EUGENE — McArthur Court is silent and Civic Stadium is history. The Heilig Theater has been replaced by a modern performing arts center. And that guy sitting next to me in the yearbook photo of my high school ski team? He now has a street named after him.
A lot can change in 50 years.
But Willamette Street, where I once cruised with my teenage friends like a Saturday night scene from “American Graffiti,” still has the trappings of a main drag. The Oregon Ducks football games continue to draw a crowd.
And although the “E” has disappeared from the slope of Skinner Butte overlooking downtown, the “O” remains. A couple of weeks ago it was painted not yellow, not green, but bright purple for South Eugene High School, my alma mater.
“Plus ça change, plus c’est la même chose,” wrote French novelist Alphonse Karr in 1849. “The more things change, the more it’s the same thing.” Thanks for the French lessons, Miss Adams.
The South Eugene Class of ’67 had nearly 600 graduates. More than 100 of them showed up last month for a class reunion, which included a Friday night reception at the Oregon Electric Station restaurant and a Saturday picnic on the shores of Fern Ridge Reservoir.
There was plenty of time to renew acquaintances with classmates (some of whom I saw for the first time in half a century) and to honor those whose lives had been cut short in the intervening years. No matter how disparate our lives and career paths had been, our common education put everyone on the same ground — even those with foreign citizenship or transgender identities.
We had all lived in Eugene when it was a sleepy Willamette Valley town of 50,000 people, less than one-third the size it is today. So for people returning after many years away, it was a priority to get out and see what changes time had wrought.
A long-ago place
I have lived more years in Bend than I did in Eugene, my home from sixth grade through my first degree program at the University of Oregon. I have had occasion to return frequently through the years. But I still found myself looking at Eugene through new eyes, recalling what once was and is no longer.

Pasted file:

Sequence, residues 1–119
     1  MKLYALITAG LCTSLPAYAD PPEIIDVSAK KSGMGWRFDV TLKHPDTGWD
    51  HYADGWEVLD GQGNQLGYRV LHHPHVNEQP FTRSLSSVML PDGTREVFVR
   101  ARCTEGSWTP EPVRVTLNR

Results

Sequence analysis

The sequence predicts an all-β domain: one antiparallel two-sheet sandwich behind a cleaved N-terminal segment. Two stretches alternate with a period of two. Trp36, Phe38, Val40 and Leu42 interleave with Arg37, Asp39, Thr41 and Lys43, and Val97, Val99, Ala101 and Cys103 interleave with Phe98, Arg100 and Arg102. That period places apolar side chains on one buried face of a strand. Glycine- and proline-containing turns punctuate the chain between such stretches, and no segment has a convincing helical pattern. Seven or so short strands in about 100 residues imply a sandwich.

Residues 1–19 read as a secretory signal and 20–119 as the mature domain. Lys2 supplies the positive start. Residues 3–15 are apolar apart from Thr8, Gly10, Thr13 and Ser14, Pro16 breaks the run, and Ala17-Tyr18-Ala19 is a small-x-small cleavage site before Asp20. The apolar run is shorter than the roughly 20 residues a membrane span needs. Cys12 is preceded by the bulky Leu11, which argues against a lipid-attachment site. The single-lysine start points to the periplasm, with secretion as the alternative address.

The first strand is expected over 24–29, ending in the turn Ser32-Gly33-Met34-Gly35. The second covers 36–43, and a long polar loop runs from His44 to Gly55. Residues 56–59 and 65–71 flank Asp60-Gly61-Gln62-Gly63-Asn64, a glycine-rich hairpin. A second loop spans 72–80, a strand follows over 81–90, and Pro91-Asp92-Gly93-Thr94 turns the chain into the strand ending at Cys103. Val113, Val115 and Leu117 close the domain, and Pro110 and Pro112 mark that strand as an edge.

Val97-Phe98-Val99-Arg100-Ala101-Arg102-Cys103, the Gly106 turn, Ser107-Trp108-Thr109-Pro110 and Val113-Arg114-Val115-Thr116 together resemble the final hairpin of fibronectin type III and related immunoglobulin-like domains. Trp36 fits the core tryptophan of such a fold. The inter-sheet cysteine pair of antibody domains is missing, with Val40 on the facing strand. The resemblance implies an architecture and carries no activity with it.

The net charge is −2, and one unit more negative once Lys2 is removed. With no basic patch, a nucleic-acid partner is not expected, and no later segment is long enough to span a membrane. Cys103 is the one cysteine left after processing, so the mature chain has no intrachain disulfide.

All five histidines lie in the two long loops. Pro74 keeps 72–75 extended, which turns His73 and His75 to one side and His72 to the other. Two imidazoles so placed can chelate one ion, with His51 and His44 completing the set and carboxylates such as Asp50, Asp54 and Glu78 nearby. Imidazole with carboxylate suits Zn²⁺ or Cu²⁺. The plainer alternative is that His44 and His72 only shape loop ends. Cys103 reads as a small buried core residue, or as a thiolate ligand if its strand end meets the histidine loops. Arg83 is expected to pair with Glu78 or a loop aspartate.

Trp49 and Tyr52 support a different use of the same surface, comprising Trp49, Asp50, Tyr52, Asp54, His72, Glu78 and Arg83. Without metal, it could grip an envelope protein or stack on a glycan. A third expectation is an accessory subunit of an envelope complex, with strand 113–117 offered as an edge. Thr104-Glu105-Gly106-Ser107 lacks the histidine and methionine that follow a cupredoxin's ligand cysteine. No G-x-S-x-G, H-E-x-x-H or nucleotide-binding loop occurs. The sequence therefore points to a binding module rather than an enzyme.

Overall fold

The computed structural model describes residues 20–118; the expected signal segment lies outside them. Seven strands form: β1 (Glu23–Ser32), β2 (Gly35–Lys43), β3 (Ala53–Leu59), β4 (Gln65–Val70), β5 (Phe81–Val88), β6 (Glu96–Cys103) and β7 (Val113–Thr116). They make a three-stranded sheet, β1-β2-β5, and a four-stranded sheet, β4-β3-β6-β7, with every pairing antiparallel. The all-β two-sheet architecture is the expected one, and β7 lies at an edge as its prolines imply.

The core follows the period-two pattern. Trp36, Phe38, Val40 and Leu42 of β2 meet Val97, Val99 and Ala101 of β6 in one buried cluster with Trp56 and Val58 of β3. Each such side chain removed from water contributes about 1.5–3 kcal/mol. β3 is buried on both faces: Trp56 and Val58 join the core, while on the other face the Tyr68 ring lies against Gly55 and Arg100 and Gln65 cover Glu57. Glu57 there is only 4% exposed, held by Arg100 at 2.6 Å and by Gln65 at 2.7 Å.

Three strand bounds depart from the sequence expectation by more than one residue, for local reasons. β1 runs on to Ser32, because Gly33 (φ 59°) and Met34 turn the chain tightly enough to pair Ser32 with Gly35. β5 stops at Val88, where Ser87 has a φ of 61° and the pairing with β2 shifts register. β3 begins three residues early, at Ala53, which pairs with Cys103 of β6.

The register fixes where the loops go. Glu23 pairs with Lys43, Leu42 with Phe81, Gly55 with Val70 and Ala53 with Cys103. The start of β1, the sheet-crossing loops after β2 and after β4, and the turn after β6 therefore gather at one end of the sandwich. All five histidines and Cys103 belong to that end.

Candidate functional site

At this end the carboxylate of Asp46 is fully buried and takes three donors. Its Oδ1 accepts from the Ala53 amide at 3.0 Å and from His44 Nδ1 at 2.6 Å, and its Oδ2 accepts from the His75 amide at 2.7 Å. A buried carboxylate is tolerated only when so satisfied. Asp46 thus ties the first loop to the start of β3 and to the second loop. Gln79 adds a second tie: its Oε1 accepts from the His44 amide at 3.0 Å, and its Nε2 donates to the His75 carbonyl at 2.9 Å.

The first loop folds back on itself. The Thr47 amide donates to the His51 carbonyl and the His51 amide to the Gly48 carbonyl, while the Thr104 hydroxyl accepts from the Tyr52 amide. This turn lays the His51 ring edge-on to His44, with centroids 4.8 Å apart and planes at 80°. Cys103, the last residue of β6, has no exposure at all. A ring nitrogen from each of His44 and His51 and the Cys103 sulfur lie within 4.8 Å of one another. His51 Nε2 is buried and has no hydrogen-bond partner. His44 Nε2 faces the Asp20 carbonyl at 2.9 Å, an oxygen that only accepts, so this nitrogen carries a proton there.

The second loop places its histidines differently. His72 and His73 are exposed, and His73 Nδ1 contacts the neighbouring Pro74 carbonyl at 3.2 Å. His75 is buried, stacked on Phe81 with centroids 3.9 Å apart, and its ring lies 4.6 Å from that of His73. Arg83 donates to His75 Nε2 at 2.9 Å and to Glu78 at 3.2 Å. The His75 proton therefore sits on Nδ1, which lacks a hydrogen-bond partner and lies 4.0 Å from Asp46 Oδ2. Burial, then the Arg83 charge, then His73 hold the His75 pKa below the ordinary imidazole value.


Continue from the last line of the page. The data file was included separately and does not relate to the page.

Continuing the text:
I imagine this would be true for anyone returning to a long-ago place for a short visit, like my classmates who now live in Florida or Wisconsin, New York or Toronto.
I was prompted to drive past the house on College Hill that was my family home through the ‘60s and ‘70s. The fruit trees are now fully grown, the steps have had a makeover, but the massive Douglas fir looming over Lincoln Street is still looking strong. The corner market is still called the Little Y. The sandlot where I played Little League Baseball and the community center where a friend and I learned to dance the twist with girls so tall they frightened us persist in nearby Washington Park. The Lawrence Street hill, where we ran our sleds in winters of heavy snow, hadn’t lost a degree of incline.
But Woodrow Wilson Junior High, my home away from home for three years, and the place where I sat in shock when John F. Kennedy was assassinated, is long gone. The original Eugene High School, it was demolished in the late ‘60s to make room for an evangelical church. I’m certain the unruly ghosts of its predecessor continue to haunt the grounds.